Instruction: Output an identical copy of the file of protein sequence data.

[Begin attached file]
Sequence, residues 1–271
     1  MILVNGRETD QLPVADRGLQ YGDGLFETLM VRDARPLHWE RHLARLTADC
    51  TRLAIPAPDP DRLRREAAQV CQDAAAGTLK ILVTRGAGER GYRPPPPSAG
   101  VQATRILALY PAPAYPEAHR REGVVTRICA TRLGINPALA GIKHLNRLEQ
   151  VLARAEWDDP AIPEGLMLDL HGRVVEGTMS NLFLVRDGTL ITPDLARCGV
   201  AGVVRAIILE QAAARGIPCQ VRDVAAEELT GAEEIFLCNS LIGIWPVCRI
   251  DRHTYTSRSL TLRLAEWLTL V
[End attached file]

Sequence, residues 1–271
     1  MILVNGRETD QLPVADRGLQ YGDGLFETLM VRDARPLHWE RHLARLTADC
    51  TRLAIPAPDP DRLRREAAQV CQDAAAGTLK ILVTRGAGER GYRPPPPSAG
   101  VQATRILALY PAPAYPEAHR REGVVTRICA TRLGINPALA GIKHLNRLEQ
   151  VLARAEWDDP AIPEGLMLDL HGRVVEGTMS NLFLVRDGTL ITPDLARCGV
   201  AGVVRAIILE QAAARGIPCQ VRDVAAEELT GAEEIFLCNS LIGIWPVCRI
   251  DRHTYTSRSL TLRLAEWLTL V